Emanuel Svedberg said Emanuel Swedenborg (born January 29, 1688 in Stockholm - died March 29, 1772 in London) was a Swedish scientist, theologian and philosopher of the eighteenth century, who had established residence in London. |
In the first part of his life, Swedenborg was a scientist and a prolific inventor. At the age of fifty-six years, he said he had entered a phase of his spiritual life and then said to have dreams and mystical visions in which he discussed with angels and spirits, even with God and Jesus Christ, and visited heaven and hell.
Emanuel Swedenborg was born on January 29, 1688 in Stockholm. His father, Jesper Svedberg, was a Lutheran pastor of humble origin who became professor of theology at the University of Uppsala and bishop of Skara thanks to the support of Charles XI. He transmitted to his son his interest in theses pietistic theses and his belief in the presence of angels and spirits on Earth.
Emanuel studied at the University of Uppsala. At the end of his studies in 1710, he traveled throughout Europe and moved to London for four years. He studied physics, mechanics and philosophy and read and wrote poetry. He is also a great organist and often plays in Uppsala Cathedral. It was then that his taste for life science flourished.
On his return to Sweden in 1715, he devoted himself to the natural sciences and the invention for two decades.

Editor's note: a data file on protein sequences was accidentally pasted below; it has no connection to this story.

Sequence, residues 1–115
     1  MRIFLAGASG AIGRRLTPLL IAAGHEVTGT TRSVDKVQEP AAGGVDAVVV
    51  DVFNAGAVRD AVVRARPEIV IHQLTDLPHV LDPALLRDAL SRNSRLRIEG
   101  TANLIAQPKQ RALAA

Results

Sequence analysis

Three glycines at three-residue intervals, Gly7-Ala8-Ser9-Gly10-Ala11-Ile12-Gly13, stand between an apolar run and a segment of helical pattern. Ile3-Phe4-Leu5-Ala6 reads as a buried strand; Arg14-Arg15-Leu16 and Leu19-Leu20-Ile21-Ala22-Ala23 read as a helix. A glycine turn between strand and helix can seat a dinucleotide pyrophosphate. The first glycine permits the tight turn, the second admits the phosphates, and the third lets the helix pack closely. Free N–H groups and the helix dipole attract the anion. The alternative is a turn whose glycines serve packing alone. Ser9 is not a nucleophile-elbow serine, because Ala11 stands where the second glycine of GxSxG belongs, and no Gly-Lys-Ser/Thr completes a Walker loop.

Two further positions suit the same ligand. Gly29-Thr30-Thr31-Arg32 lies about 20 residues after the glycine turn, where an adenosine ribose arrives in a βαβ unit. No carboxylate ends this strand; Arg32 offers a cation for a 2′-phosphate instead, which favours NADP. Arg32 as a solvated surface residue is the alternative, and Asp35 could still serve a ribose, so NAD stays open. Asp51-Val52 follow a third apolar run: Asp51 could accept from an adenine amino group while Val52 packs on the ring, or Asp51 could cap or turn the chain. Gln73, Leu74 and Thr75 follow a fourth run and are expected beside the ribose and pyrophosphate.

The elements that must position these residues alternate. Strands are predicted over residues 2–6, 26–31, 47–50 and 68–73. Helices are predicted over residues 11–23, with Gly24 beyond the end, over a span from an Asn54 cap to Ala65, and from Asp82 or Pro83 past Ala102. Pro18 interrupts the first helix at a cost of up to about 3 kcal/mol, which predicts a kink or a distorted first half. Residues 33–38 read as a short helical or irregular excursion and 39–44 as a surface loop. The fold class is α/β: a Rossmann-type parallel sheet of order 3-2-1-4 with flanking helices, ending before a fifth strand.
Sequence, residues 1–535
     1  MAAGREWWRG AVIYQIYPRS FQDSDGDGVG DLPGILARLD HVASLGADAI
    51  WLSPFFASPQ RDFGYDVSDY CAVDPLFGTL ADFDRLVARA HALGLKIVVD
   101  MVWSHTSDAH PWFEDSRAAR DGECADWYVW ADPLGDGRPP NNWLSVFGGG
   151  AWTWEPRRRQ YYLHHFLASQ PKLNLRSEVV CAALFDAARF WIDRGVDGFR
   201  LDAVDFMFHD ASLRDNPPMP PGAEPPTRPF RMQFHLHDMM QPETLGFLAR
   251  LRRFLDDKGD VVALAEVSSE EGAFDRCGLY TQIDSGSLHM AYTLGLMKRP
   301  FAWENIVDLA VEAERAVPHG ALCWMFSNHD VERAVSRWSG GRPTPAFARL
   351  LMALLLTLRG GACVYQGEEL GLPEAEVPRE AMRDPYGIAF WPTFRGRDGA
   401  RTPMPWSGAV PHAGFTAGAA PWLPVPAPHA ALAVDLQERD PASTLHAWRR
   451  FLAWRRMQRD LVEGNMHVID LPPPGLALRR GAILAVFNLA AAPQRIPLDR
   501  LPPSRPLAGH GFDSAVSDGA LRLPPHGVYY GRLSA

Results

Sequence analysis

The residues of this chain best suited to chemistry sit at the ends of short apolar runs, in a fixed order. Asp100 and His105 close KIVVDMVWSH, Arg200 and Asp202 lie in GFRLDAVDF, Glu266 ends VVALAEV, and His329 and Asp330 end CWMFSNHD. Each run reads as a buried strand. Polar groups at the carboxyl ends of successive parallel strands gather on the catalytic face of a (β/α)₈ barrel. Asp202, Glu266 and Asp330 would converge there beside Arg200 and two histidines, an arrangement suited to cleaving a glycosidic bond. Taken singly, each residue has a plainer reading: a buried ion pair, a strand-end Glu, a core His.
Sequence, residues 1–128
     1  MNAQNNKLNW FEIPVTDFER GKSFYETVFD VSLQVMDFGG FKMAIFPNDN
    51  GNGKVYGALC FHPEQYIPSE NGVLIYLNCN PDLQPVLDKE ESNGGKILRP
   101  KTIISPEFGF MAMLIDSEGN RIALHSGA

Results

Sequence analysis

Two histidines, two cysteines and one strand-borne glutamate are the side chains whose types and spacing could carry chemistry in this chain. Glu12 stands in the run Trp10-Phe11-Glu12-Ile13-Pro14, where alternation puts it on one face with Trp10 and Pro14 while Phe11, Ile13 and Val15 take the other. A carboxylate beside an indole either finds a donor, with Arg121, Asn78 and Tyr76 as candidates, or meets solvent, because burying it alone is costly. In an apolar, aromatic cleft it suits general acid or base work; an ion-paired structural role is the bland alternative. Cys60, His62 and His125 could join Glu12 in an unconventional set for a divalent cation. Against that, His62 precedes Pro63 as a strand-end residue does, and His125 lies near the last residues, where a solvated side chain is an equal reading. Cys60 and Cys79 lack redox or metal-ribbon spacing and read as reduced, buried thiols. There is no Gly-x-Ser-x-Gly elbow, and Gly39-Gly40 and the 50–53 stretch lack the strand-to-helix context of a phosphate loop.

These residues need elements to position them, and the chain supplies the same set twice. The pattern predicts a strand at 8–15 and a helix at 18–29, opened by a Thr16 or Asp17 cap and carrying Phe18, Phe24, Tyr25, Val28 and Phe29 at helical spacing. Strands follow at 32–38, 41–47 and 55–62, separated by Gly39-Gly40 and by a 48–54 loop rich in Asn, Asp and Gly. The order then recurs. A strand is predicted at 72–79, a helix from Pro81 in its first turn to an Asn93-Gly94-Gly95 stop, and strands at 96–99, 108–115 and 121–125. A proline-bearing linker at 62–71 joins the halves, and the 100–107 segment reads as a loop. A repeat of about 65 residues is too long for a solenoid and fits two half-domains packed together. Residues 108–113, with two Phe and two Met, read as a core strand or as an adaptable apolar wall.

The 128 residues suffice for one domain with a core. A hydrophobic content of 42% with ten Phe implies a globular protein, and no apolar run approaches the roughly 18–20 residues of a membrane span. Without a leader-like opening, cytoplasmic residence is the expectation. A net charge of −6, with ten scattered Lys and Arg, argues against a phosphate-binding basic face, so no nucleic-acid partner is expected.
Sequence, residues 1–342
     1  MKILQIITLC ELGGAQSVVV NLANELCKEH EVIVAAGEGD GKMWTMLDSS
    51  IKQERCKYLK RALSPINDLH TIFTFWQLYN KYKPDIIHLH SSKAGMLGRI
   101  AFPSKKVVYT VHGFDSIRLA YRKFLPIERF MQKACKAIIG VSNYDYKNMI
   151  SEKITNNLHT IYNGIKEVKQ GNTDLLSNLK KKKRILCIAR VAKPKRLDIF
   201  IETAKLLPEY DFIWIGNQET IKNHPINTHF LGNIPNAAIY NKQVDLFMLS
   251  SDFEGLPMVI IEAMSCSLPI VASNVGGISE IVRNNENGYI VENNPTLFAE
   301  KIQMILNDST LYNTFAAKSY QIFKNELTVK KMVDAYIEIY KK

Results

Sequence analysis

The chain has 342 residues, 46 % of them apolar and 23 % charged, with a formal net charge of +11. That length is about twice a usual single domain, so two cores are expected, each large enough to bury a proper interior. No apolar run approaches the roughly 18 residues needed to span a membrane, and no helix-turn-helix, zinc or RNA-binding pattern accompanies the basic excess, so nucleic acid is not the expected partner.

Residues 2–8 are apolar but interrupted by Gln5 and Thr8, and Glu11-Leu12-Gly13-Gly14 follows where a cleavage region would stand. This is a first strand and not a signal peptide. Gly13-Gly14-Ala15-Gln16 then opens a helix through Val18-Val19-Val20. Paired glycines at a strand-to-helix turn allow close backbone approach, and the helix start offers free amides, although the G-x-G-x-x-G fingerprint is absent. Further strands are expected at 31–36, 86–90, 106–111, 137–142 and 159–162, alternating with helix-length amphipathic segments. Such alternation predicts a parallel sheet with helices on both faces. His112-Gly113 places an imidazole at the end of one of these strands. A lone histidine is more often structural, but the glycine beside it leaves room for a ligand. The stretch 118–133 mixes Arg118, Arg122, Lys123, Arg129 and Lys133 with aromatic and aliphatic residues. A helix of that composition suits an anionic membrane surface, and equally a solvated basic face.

He drew plans of an airplane, a submarine, he invented a decimal currency system also used for the study of crystallography. He calculated a new method to find longitudes either at sea or on land from the observation of the moon. He introduced in Sweden the infinitesimal calculus. In Volume I of his Opera Philosophica and Mineralis (1734) he is the first the advance the hypothesis of the nebula formation of the solar system by giving the nature of the Milky Way, ahead of that of Buffon and Laplace, he is developing a modern theory of the atom, a vibration theory of light, a kinetic theory of heat, takes care of magnetism long before Faraday.
In 1730, Swedenborg’s interest is directed, more and more, to spiritual matters. He sought to discover a theory explaining the relationship between matter and spirit and was interested for that in anatomy.
He discovered the function of the endocrine glands, the brain and cerebellum. He also produced an advanced study on blood circulation and the relationship of the heart and lungs (see Œconomia regni animalis).
At age 56, he abandoned his scientific research to fully engage in theological, psychological and philosophical research in order to introduce to men a rational spirituality. He died in 1772 after writing more than a hundred books on all subjects listed. Some have been translated into french.
• Heaven and Hell
• The conjugal love really
• L'Amour scortatoire
• The white horse (Apocalypse, Chapter 19)
• The Wisdom of angels
• The Divine Providence
• The four doctrines
• The new Jerusalem and its heavenly doctrine
• Lore celestial (16 volumes, including the top five are reprinted)
• Treaty representations and connections
• The charity
• True Christian Religion (2 volumes)